One critical effect of this revalued notion of the secular is that it disrupts the dominant metaphor of “space” that is commonly used to talk about the secular. During the November 2008 conference, Bob Connor (whose essay, “The Right Time for Asking Big Questions” breathed life into many of our working groups) observed that spaces are conventionally referred to as secular (or not), and that when a space (such as a classroom) is normatively termed secular, it shuts down conversation that dwells upon deeper commitments. It seems clear to us that the space metaphor is tied to secularist tendencies; spaces are secular to the degree that they conform to a set of norms restricting free expression. But when the epistemological rules are relaxed, the metaphor changes. The secular becomes a type of conversation or discussion occurring in a wide range of venues. In other words, revaluing the secular turns the focus away from where certain discussions are allowed to happen (a secularist tendency) and, more substantively, toward the difficulties of the discussion itself.

Indeed, here is where work remains. With this revalued understanding of the secular—now properly understood as a set of discursive practices operating among differing a/theological perspectives—lots of questions remain. Our understanding of how to conduct these discursive practices is rudimentary at best; most of us lack the experience. Some of us worry that a more open-ended, free-wheeling notion of the secular creates a mess that we do not know how to clean up. Are our liberal arts institutions equipped to meet the demands of this notion of the secular? Have our institutions adequately reflected on questions about what a liberal arts education is for and how they are to best serve those purposes? More, are there limitations to this model of secular education? One of the stock criticisms of secularism is that it doesn’t understand the ways in which it wields power. We thus also need to think critically about the ways in which our suggested secular traffics in power. The tendency is to think that, because our understanding of the secular is more democratic than secularism (in that it invites more views into play), it is somehow innocent of “sins” or problems. This seems unlikely. In the end, all of us remain confident that these natural questions and concerns should not hold us back from proceeding and seeking (in our own small way) to reshape the truncated discursive practices that currently define the practice of liberal arts education on most liberal arts campuses.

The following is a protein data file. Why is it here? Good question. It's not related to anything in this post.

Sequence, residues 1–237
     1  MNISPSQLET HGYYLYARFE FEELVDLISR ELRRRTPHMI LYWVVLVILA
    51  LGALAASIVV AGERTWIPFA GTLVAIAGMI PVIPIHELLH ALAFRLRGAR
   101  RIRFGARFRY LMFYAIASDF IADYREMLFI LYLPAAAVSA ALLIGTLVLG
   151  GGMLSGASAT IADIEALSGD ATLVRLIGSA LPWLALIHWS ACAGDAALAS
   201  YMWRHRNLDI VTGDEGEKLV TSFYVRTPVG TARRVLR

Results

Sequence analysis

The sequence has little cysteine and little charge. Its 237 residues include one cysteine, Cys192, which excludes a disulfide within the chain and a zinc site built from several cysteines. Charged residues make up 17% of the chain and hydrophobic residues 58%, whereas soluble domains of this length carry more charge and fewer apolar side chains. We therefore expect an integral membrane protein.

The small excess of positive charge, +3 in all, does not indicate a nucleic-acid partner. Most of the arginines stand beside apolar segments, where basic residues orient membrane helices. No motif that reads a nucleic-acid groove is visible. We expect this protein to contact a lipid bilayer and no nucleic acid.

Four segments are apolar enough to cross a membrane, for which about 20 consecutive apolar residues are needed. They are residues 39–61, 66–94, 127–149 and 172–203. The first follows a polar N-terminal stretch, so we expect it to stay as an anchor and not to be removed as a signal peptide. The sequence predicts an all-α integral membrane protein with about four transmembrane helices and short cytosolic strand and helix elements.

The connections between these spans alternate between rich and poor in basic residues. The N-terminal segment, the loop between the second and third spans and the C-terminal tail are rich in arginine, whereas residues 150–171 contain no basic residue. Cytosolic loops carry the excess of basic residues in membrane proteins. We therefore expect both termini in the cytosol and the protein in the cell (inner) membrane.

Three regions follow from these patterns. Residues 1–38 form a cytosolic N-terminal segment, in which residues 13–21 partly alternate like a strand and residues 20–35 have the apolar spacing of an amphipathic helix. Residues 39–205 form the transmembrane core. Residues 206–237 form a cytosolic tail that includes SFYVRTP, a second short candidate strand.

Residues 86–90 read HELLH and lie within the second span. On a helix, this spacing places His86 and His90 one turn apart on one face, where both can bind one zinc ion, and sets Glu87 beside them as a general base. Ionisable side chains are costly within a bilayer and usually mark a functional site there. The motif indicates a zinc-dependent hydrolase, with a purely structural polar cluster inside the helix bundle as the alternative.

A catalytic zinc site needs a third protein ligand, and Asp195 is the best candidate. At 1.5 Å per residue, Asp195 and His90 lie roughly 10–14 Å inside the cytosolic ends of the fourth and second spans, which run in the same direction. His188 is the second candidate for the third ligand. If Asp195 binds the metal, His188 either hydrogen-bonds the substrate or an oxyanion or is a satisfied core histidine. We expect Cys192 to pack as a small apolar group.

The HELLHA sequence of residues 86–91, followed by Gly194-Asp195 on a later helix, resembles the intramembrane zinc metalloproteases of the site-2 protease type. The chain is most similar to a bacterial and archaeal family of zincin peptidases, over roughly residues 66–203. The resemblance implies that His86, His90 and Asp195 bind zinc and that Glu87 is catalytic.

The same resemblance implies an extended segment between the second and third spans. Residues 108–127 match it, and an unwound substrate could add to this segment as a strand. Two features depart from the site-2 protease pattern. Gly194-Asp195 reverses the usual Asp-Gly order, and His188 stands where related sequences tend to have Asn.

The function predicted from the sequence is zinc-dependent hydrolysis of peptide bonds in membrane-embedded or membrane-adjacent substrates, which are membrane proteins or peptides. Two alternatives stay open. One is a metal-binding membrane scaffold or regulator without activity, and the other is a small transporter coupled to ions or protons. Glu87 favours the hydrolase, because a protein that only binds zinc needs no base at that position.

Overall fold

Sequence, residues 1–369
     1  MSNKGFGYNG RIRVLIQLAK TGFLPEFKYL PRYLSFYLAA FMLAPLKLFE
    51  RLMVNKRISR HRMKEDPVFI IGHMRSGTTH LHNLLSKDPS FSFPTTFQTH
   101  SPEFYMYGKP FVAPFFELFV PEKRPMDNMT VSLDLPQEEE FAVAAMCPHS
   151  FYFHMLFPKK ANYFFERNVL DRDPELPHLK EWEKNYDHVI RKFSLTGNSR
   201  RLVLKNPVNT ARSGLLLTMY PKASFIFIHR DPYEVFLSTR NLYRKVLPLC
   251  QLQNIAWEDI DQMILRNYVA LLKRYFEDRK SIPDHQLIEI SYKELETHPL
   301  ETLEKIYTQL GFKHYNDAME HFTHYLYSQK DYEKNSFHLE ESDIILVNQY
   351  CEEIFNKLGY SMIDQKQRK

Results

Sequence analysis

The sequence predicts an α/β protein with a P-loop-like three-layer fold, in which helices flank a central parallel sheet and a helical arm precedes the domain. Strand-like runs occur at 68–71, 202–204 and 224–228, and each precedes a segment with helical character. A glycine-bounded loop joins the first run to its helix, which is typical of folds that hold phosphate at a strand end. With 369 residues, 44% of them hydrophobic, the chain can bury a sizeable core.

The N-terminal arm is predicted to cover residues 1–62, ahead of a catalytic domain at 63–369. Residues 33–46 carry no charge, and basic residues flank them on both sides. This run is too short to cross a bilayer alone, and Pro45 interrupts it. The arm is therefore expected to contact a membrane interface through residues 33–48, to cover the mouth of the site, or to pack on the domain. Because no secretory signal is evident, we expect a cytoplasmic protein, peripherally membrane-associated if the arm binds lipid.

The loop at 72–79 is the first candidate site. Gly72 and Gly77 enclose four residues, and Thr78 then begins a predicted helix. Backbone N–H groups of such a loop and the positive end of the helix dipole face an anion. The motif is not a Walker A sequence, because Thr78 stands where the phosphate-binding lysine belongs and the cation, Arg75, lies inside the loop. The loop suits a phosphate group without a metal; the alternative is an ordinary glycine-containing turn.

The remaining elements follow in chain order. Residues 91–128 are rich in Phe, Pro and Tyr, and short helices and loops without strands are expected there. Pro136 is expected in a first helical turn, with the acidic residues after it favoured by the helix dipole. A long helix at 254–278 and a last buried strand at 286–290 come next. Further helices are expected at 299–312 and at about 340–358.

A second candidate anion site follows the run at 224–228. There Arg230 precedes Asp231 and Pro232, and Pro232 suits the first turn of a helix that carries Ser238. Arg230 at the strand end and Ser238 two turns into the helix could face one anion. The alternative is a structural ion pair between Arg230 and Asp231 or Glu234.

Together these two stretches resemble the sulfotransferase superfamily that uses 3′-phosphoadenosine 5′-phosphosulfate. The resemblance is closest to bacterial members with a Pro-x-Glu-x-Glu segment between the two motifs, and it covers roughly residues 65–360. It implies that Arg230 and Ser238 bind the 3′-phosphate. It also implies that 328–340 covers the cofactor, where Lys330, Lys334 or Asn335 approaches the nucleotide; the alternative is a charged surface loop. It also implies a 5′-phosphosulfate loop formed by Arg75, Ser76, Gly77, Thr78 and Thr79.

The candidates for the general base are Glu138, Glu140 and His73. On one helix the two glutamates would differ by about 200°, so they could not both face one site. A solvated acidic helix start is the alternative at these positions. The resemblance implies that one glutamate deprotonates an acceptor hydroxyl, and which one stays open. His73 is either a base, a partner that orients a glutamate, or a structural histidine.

Thus, the next steps in our program: Last fall, we four members of “Secularity and the Liberal Arts” felt a great desire to take the conversation, its readings, and our distinctive point of view to other liberal arts colleges and universities. With continued support from the Teagle Foundation, we developed a one-day workshop, “Reconceiving the Secular and the Liberal Arts,” to take on the road, as it were, to other liberal arts colleges and universities.  The workshop would introduce our revised secular ideal and begin to interrogate what this ideal might mean for the practice of liberal arts education. Like the first introductions of race, class, gender, sexuality, and culture as aspects of student learning, we insisted that redefining secularity as a flexible ideal and diverse set of practices would help campuses better reflect their increasingly cosmopolitan character.